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    Step Four

    The fourth step is deciding on the next steps to take to become debt free. This will depend on whether you can comfortably afford to pay more than your minimum payments or if you are struggling to meet them, but will also depend on other factors including whether you own your home, if some debt solutions will affect your employment, if your income is permanent or likely to increase or reduce in the future. It’s best to post with your specific circumstances to get the best advice. (Though remember not to post any information that could reveal your identity.)


    Regardless of the next steps that you choose, the following posts have some useful information which often comes up on the forum:

    Statement of Affairs (SOA) link: https://www.lemonfool.co.uk/financecalculators/soa.php

    For free, non-judgemental debt advice, try: Stepchange or National Debtline. Beware fee charging companies with similar names.
  • kimwp
    kimwp Posts: 1,649
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    edited 1 February at 8:05PM

    Taking advice from debt charities and companies:

    If you take advice from an organisation, be aware that debt companies make money from selling debt solutions so have an incentive to recommend the one that will make them the most money, rather than the one that is best for you. Debt charities do not make money from you if you use their services. Note that the companies have very similar names to the charities.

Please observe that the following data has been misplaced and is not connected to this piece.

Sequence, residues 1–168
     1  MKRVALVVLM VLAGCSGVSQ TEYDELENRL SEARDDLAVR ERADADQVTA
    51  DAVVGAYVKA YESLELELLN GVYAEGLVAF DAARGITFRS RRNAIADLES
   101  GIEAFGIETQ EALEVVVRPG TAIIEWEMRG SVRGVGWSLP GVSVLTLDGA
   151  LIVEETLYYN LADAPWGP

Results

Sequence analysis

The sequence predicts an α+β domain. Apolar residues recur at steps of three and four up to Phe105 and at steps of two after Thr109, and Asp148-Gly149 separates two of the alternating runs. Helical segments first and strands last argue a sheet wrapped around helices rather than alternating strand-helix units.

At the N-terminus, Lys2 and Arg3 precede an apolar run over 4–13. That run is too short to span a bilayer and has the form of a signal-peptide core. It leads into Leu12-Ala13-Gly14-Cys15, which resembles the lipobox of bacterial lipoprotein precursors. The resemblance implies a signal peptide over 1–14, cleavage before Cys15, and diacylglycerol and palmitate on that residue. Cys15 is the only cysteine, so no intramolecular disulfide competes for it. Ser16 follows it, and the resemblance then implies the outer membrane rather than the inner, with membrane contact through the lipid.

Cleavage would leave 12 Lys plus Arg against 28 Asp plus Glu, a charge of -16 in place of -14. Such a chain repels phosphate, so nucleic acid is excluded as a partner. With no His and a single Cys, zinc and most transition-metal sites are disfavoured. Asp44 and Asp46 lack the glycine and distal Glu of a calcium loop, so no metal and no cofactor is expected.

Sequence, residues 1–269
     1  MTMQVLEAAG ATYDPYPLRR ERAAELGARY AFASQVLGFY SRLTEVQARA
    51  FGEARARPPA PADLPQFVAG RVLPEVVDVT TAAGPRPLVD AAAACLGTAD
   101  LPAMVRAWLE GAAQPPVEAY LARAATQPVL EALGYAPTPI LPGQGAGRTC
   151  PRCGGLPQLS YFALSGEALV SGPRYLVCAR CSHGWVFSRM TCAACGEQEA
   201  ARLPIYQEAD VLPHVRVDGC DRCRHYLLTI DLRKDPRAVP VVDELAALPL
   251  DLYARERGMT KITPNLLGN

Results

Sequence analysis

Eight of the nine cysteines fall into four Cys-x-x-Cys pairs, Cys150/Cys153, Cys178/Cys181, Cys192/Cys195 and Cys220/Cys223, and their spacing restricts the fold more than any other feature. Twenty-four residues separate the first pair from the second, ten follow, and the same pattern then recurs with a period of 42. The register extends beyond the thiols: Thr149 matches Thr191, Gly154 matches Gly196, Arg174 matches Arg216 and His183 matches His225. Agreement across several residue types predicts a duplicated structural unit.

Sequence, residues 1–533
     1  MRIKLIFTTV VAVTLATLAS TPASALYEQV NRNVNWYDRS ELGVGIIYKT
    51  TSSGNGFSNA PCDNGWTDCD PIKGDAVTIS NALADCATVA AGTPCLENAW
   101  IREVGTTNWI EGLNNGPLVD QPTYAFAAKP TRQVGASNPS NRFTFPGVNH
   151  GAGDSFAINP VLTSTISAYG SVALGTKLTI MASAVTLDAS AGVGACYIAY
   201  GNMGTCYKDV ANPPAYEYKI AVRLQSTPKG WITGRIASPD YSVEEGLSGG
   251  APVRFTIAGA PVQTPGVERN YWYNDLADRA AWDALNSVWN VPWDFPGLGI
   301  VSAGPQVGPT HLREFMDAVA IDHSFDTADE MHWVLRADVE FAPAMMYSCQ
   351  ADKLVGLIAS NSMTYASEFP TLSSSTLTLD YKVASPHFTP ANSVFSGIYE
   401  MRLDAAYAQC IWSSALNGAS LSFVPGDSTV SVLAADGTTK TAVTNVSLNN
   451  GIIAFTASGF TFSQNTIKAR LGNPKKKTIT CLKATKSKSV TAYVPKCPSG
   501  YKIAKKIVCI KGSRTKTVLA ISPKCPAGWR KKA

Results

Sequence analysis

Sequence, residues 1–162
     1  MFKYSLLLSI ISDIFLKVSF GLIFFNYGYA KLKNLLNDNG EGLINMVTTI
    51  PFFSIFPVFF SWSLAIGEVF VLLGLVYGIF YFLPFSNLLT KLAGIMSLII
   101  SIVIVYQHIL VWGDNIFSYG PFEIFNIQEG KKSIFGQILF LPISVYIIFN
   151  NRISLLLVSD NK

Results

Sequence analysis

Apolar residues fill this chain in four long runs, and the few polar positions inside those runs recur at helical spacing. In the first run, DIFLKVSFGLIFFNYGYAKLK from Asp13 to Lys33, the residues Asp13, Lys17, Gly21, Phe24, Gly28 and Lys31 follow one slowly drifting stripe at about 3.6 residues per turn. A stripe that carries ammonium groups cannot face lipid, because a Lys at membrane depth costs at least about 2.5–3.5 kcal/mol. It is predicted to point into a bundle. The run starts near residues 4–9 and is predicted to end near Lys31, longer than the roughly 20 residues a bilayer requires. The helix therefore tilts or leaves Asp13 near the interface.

Note that a debt charity will push you to start paying money to your creditors as soon as possible (before defaulting) as they can't keep you on their books while you do nothing about paying the debt for months. This may not be in your best interests - please see the post about defaults and arrangement to pay markers below.


    Legally unenforceable debts:

    For information on finding out if your debts are legally unenforceable, please see:

    https://forums.moneysavingexpert.com/discussion/6027755/statute-barred-debts-and-the-limitation-act#latest

    Statement of Affairs (SOA) link: https://www.lemonfool.co.uk/financecalculators/soa.php

    For free, non-judgemental debt advice, try: Stepchange or National Debtline. Beware fee charging companies with similar names.
  • kimwp
    kimwp Posts: 1,649